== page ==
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Author Topic: Which order to read these books?  (Read 2810 times)

dashrashi

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Re: Which order to read these books?
« Reply #10 on: March 18, 2008, 01:55:04 PM »
Read Helter Skelter, and Outrage by Bulgiosi, and then A Civil Action by Harr.  Way more enjoyable.

HELTER SKELTER IS SO GOOD. I'm trashy like that though and pretty much like all true crime. But I think it's the best of the genre.
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$Bill

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Re: Which order to read these books?
« Reply #11 on: March 18, 2008, 02:42:01 PM »
Read Helter Skelter, and Outrage by Bulgiosi, and then A Civil Action by Harr.  Way more enjoyable.

HELTER SKELTER IS SO GOOD. I'm trashy like that though and pretty much like all true crime. But I think it's the best of the genre.

Outrage is his book on the OJ trial, and he is scathing, on Simpson but moreso on both the prosecution and the defense.  Its basically Outrage: How NOT to be a trial lawyer.

jack24

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Re: Which order to read these books?
« Reply #12 on: March 18, 2008, 05:56:06 PM »
Do you know of any books that can help you decide what type of law you want to practice?

dashrashi

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Re: Which order to read these books?
« Reply #13 on: March 18, 2008, 07:29:10 PM »
Read Helter Skelter, and Outrage by Bulgiosi, and then A Civil Action by Harr.  Way more enjoyable.

HELTER SKELTER IS SO GOOD. I'm trashy like that though and pretty much like all true crime. But I think it's the best of the genre.

Outrage is his book on the OJ trial, and he is scathing, on Simpson but moreso on both the prosecution and the defense.  Its basically Outrage: How NOT to be a trial lawyer.

I read his one on Bush v. Gore. THAT was awesome. Although thinking about that "case" makes me tear up, still, eight years later. Those fuckers.
This sig kills fascists.

http://lawschoolnumbers.com/display.php?user=dashrashi

Saw dashrashi's LSN site. Since she seems to use profanity, one could say that HYP does not necessarily mean class or refinement.

anzianomike

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Re: Which order to read these books?
« Reply #14 on: March 19, 2008, 02:01:52 PM »
Honest question - What does it mean to say that a professor might teach a subject differently than you learn it by reading on your own? I mean, something like the duty-breach-causation-damages thing is true of all torts, no matter who's teaching it, right? I haven't read much but I have the Examples and Explanations series on the first year courses and I'm buzzing through them. If I go in with the knowledge that I might misunderstand some stuff, isn't it worth the effort just to get a good overview of what we'll be talking about? And I'm not okay with those really brief overviews that any high school kid could understand. I want to really think about this stuff for a while. Will my professor's ideas  vary so widely from what these other professors are writing that this is a good reason not to study before school? Please explain. Thanks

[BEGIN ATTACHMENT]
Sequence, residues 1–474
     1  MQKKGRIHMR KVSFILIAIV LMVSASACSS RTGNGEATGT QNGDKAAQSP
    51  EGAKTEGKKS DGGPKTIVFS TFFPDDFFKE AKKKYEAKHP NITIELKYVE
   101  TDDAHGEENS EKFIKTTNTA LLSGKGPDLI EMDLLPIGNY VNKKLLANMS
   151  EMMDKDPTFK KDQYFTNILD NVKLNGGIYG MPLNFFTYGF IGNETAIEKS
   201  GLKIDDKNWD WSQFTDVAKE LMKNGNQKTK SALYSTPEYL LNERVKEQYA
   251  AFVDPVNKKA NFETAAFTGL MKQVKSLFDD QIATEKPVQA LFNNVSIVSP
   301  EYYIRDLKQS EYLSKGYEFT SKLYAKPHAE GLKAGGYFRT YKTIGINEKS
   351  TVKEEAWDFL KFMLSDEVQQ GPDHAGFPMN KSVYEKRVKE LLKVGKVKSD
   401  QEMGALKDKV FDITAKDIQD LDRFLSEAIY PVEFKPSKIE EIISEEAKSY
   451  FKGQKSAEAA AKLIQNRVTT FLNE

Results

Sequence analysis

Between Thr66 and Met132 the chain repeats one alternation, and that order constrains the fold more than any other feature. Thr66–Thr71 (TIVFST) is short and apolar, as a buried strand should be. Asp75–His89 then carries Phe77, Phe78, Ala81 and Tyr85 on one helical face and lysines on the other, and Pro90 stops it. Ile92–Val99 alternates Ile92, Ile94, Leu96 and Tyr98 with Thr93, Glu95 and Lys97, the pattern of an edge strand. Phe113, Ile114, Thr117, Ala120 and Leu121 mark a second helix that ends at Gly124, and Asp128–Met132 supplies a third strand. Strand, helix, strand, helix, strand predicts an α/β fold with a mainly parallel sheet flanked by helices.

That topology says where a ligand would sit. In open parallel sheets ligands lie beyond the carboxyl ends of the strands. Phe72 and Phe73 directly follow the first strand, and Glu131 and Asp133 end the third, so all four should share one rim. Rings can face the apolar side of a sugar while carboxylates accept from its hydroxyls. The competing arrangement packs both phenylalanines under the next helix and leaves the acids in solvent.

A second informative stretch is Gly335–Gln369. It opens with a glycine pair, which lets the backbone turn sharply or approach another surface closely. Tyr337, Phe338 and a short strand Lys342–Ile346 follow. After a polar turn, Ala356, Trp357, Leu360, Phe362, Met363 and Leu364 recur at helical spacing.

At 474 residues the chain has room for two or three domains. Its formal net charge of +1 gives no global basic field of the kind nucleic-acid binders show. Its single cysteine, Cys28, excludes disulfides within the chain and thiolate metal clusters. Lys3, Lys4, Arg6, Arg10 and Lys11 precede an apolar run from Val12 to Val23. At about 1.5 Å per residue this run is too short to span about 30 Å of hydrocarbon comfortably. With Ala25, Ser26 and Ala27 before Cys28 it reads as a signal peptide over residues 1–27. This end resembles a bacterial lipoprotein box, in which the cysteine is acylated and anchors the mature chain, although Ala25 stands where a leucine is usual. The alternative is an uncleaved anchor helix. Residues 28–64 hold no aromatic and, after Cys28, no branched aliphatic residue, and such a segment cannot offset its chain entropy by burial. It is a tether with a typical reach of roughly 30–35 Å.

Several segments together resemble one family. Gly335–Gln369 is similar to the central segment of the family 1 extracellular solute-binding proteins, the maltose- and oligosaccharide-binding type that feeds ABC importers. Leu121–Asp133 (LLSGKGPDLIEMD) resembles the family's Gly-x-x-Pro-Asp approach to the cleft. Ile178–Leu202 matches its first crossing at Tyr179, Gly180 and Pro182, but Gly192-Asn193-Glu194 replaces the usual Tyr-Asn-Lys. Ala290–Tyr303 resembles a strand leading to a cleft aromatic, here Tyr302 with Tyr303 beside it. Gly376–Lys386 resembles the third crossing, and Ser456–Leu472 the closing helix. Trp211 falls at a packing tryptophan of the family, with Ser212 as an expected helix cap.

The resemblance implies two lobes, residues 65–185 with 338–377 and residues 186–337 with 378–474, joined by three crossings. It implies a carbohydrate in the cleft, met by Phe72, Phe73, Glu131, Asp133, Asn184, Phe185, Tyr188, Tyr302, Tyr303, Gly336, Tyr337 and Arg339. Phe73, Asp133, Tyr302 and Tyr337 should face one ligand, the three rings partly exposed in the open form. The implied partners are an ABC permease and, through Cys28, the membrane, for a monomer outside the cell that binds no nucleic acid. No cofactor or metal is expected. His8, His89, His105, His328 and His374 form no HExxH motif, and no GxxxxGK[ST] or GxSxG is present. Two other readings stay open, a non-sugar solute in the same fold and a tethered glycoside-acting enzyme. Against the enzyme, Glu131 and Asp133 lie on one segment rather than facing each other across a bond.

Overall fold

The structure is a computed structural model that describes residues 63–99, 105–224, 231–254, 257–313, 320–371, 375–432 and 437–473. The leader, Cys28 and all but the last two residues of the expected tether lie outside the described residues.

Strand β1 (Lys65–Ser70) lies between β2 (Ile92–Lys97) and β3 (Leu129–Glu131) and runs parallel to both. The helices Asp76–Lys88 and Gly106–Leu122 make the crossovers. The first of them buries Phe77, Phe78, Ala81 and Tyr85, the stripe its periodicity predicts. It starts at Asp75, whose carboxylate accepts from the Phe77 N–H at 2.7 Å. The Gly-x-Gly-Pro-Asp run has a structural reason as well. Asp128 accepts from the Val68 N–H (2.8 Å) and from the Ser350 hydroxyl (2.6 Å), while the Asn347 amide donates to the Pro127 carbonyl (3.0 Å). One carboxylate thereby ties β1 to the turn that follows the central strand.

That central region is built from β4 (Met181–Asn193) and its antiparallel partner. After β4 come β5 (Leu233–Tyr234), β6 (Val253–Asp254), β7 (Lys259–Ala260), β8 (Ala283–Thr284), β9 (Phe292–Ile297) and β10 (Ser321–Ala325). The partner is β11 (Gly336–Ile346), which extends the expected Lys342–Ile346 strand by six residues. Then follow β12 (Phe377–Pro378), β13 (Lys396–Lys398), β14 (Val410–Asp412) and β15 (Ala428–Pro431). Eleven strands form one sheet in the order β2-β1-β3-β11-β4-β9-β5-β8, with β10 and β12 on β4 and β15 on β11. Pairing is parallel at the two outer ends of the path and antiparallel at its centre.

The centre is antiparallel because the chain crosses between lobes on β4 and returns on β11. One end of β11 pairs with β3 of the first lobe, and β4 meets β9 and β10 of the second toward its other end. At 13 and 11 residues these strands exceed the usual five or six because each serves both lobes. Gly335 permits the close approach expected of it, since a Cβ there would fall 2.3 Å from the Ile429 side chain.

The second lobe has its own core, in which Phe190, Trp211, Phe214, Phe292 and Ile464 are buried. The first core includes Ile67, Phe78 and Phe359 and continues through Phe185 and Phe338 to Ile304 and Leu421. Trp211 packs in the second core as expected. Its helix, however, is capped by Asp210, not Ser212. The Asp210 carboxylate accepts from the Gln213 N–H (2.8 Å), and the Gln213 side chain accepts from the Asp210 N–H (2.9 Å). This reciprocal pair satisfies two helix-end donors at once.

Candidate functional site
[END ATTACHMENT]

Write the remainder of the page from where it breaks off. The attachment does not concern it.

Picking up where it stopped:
$Bill

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Re: Which order to read these books?
« Reply #15 on: March 19, 2008, 02:11:13 PM »
Read Helter Skelter, and Outrage by Bulgiosi, and then A Civil Action by Harr.  Way more enjoyable.

HELTER SKELTER IS SO GOOD. I'm trashy like that though and pretty much like all true crime. But I think it's the best of the genre.

Outrage is his book on the OJ trial, and he is scathing, on Simpson but moreso on both the prosecution and the defense.  Its basically Outrage: How NOT to be a trial lawyer.

I read his one on Bush v. Gore. THAT was awesome. Although thinking about that "case" makes me tear up, still, eight years later. Those fuckers.

Name of Book?

skeeball

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Re: Which order to read these books?